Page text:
The RSIS Centre for Non-Traditional Security (NTS) Studies' Blog

Energy Security and Foreign Policy

Posted in Energy and Human Security by NTSblog on December 14, 2010

On 9-10 December 2010, RSIS Centre for Non-Traditional Security (NTS) Studies held a regional workshop on dealing with energy vulnerabilities in East Asia. One issue frequently mentioned by the participants during the workshop was China’s surging energy demands and its implications for both the country itself and the region at large. China’s increasing dependency on energy imports has become a major concern for Chinese policy makers. As a result, the need to secure its energy supply represents an important aim of Chinese foreign and security policy.

China’s impressive economic growth has fueled its appetite for all sorts of natural resources, among which the demand for energy is growing exceptionally fast. During the workshop, Mr Kensuke Kanekiyo, research advisor and former managing director of IEEJ, forecasted that ‘China will soon become the single largest energy consuming country in the world. By 2035, China’s energy demand will be triple the amount demanded in 2008. With regard to the energy mix of China, coal is the predominant energy source, which accounted for 70% of the country’s energy consumption in 2009. China is the largest coal producer and reserve-holder, which means it can generally strike a balance between the supply and demand of coal. However, in terms of oil – the most important strategic energy resource, China became a net oil importer since 1993. The lack of oil reserves implies that China has to turn to those oil rich countries for oil supply, such as Sudan.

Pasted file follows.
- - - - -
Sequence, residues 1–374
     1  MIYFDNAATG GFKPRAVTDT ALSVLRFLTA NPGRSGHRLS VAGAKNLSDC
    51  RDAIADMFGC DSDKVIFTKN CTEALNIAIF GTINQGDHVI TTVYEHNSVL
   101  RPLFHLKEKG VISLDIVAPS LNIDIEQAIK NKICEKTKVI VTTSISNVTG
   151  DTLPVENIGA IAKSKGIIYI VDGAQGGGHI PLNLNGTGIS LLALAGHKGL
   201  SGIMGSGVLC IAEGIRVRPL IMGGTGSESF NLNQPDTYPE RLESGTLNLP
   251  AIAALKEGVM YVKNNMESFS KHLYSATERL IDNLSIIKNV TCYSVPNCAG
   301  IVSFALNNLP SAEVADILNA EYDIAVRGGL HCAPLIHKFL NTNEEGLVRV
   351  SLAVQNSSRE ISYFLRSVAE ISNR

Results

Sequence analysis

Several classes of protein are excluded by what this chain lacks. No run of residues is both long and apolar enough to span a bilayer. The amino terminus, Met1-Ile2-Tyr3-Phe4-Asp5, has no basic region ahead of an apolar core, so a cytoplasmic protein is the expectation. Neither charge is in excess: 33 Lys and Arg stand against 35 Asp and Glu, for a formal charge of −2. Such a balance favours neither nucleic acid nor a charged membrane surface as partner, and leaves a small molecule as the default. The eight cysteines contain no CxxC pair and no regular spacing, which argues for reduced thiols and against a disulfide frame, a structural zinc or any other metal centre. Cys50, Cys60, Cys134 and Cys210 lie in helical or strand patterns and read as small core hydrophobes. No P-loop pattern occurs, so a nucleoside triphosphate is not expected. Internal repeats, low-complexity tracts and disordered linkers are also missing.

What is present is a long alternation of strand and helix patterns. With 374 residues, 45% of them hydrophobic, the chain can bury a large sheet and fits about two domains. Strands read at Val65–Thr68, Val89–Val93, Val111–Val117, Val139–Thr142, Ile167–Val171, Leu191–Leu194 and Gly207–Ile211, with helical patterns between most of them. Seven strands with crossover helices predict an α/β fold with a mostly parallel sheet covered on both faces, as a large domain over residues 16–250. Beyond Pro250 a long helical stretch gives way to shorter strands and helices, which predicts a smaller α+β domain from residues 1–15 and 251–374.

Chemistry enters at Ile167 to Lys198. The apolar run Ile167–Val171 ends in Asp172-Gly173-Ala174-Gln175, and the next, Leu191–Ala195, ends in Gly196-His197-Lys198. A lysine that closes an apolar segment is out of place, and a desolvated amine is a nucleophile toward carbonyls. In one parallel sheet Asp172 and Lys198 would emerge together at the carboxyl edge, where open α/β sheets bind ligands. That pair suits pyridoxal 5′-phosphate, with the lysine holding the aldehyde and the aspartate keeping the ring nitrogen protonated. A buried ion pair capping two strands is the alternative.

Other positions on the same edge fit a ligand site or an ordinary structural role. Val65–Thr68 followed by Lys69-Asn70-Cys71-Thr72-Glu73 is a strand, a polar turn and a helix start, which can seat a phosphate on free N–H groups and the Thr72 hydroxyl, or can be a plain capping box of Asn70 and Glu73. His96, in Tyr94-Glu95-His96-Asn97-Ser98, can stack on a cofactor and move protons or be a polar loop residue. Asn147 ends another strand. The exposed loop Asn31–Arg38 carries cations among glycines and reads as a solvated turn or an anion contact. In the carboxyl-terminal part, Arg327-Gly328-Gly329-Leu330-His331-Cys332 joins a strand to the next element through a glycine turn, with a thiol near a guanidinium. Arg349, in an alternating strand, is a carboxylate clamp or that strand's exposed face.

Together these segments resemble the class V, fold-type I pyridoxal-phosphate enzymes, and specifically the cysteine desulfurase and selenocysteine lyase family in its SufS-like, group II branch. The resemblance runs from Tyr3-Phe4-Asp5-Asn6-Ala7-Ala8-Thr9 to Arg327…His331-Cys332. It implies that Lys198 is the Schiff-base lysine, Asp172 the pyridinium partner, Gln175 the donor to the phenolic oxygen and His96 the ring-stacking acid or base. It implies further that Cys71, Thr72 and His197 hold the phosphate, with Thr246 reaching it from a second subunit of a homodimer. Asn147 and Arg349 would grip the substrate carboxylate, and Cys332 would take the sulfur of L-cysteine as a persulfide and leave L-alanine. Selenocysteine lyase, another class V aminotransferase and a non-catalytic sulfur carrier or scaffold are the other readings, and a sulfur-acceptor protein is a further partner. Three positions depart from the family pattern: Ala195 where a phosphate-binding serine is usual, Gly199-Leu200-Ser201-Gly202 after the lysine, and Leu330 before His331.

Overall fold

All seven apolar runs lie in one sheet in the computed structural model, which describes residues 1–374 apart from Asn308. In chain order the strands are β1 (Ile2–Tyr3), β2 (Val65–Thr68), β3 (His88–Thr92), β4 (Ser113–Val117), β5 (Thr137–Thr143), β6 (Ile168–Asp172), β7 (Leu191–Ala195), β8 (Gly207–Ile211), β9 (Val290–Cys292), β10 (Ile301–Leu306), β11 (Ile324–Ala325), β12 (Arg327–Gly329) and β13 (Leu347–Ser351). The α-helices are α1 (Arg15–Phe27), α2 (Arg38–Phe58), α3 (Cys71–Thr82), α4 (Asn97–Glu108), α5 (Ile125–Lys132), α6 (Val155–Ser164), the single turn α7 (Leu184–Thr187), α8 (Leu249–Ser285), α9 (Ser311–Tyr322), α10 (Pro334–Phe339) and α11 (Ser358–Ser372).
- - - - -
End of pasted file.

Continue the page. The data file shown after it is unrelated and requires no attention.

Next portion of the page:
Valerie Hudson (2007) argues that natural resources, or the lack of it, may play a role in foreign policy. In the case of China, its reliance on foreign energy sources has partly shaped its policy toward its suppliers. The Chinese oil company CNPC holds substantial amount of stake in several of Sudan’s major oil fields. It bought 2/3 of Sudan’s oil export. The oil pipeline from Kyaukpyu Port through Burma to southwest China cuts the costs for transmitting crude oil from the Middle East and Africa. The need to secure energy supply has made China very cautious  and conservative in dealing with its relationship with Sudan and Myanmar. It vetoes most of the Security Council resolution against the two countries.

Cooperation in the energy sector can also contribute to improved bilateral ties. China, Japan, and South Korea, are now competitors in the energy market. It was noted in the workshop however that the three neighbors are in fact complimentary to each other. China has a huge consuming market, while Japan and South Korea possess advanced technologies in nuclear and renewable energy. The potential for cooperation is enormous. Furthermore, greater interdependence in energy can also contribute to easing the historical mistrust between them.

In conclusion, energy security and foreign policy are mutually interlinked. On one hand, it helps shape the foreign policy aims of the country, while on the other it serves as a catalyst for improved relations between countries.


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